Field-caught females were placed in individual cages (200 ´ 250 ´ 350 mm). During the first 14 days, the rearing and observation methods were the same as in the control group. After that, we continued to provide one walnut every day until offspring were produced, which was easily determined by their squeaks. After birth, one group of females was provided with a walnut everyday (walnut-available group), while the other group was not given any walnuts (walnut-unavailable group) (Figure 1(e)). By 26 - 35 days after birth, which was determined to be approximately 2 weeks after the first day that offspring moved out of the nest, offspring were separated from the mother and reared individually in new cages (100 ´ 200 ´ 300 mm). At this time, the body weight of each offspring was measured. For the walnut-available group, the mother consumed 16 - 33 walnuts (N = 8, 24.5 ± 6.0 SD) during the pup-rearing period, and the proportion of efficient feedings was 88.1% (N = 8, SD = 11.5). The feeding behavior of these offspring was monitored for 30 days during which one whole walnut was given on 1 day, then recovered on the following day for examination (Figure 1(e)). On the 31st day, half of a cracked walnut was supplied to each mouse, and whether the meat had been eaten was checked the following day. Once the individual offspring were able to eat walnuts in an efficient manner, monitoring was stopped and the body weight at this time was measured. The mice that failed to eat walnuts were weighed at the end of monitoring (31st day).

A t-test was used to compare the data between the two groups unless the variances were not equal, in which case Welch’s approximate t was used [8].


3.1. Feeding Behavior of the Control Group

Thirty-one mice were monitored regarding their feeding behavior for 14 days. The mean body weight of mice was 35.4 ± 8.0 g (N = 31). The sex ratio (proportion of males) was 0.42 (13/31). The supplied walnuts were 14.2 ´ 103 ± 0.4 mm3 (N = 31) in volume and 9.15 ± 0.18 g (N = 31) in weight. Of a total of 14 walnuts, 5.3 ± 3.8 (N = 31) were intact, 3.3 ± 3.7 (N = 31) were gnawed, and 1.0 ± 1.8 (N = 31) were eaten. Eight of 31 (25.8%) mice were observed to eat walnut meat at least once. When the walnuts were eaten, the proportion of efficient feedings was 57.1 ± 35.4% (N = 8). The feeding time was 130.9 ± 33.9 min (N = 8). On the 15th day, the meat of the cracked walnuts was eaten by all 31 mice.

Figure 1. Schematic drawings of the study designs and treatments of the mice for examining the effects of feeding signs and demonstrators: (a) Control; (b) Experiment 1; (c) Experiment 2; (d) Experiment 3; (e) examining social learning between the mother and offspring. If opened at the central part of raphe, mice can eat walnuts efficiently. Only intact walnuts were given in the Control, whereas walnuts opened on one side by other proficient mice or by using a steel rasp were provided in Experiments 1 and 2, respectively. In Experiment 3, proficient mice were placed close to the experimental mice. In the mother-offspring experiment, once the offspring were produced, one group was provided a walnut every day (walnut-available group), while the other group was not given any walnuts (walnut-unavailable group).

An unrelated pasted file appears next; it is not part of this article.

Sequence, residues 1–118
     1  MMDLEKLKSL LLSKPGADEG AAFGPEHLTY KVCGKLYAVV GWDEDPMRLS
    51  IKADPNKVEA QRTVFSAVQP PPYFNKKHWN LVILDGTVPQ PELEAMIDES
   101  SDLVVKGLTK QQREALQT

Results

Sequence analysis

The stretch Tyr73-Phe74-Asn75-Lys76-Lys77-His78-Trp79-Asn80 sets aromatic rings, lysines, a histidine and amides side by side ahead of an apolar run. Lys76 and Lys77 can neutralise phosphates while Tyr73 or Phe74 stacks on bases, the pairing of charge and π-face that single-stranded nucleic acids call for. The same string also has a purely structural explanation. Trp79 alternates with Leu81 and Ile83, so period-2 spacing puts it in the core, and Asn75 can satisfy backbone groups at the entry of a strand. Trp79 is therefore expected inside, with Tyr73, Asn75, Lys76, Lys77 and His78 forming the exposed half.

3.2. Effects of Feeding Signs and Demonstrators

The feeding behaviors were examined for each of the 20 mice in the three experimental groups, and the results were compared among four groups including the control. The body weight of mice differed significantly among the groups (Figure 2(a); ANOVA, F3.87 = 2.78, P = 0.01). The sex ratio was similar among the groups: 11 males and 9 females in Ex. 1, 10 males and 10 females in Ex. 2, and 13 males and 7 females in Ex. 3 (chi-square test: = 2.71, P = 0.44). The mean size of walnuts supplied to the mice was approximately 14 × 103 mm3 (range 13.7- 14.4 ×103 mm3), although it differed significantly among the four groups (Figure 2(b); ANOVA, F3.87 = 11.61, P < 0.001). The mean weight of the nuts ranged from 9.07 to 9.15 g, but did not differ among the groups (ANOVA, F3.87 = 1.31, P = 0.28).

The number of intact walnuts did not differ significantly among the four groups (Figure 2(c): Kruskal-Wallis test, H3 = 4.44, P = 0.22). Neither the number of nuts gnawed and/or eaten nor the number of nuts eaten differed among the groups (Figure 2(d): Kruskal-Wallis test, H3 = 1.25, P = 0.74; Figure 2(e): Kruskal-Wallis test, H3 = 2.10, P = 0.55). The proportion of the four feeding patterns (A, B, B’, and C) did not differ significantly among the control group and Experiments 1 - 3 (Figure 3(a)). Due to the small proportion of each feeding pattern, the combined proportions of A, B, and B’ (the proportion of mice that could eat the nuts) were statistically compared among the groups: 8 of 31 (25.8%), 2 of 20 (10.0%), 6 of 20 (30.0%), and 2 of 20 (10.0%) for the Control, Ex. 1, Ex. 2, and Ex. 3, respectively. This difference was not significant (chi-square test: = 4.44, P = 0.22). Even if the walnuts were eaten, the proportion of efficient feedings (Figure 2(f); Kruskal-Wallis test, H3 = 1.52, P = 0.68) and the feeding time (Figure 2(g); ANOVA, F3.10 = 1.09, P = 0.40) did not differ significantly among the groups.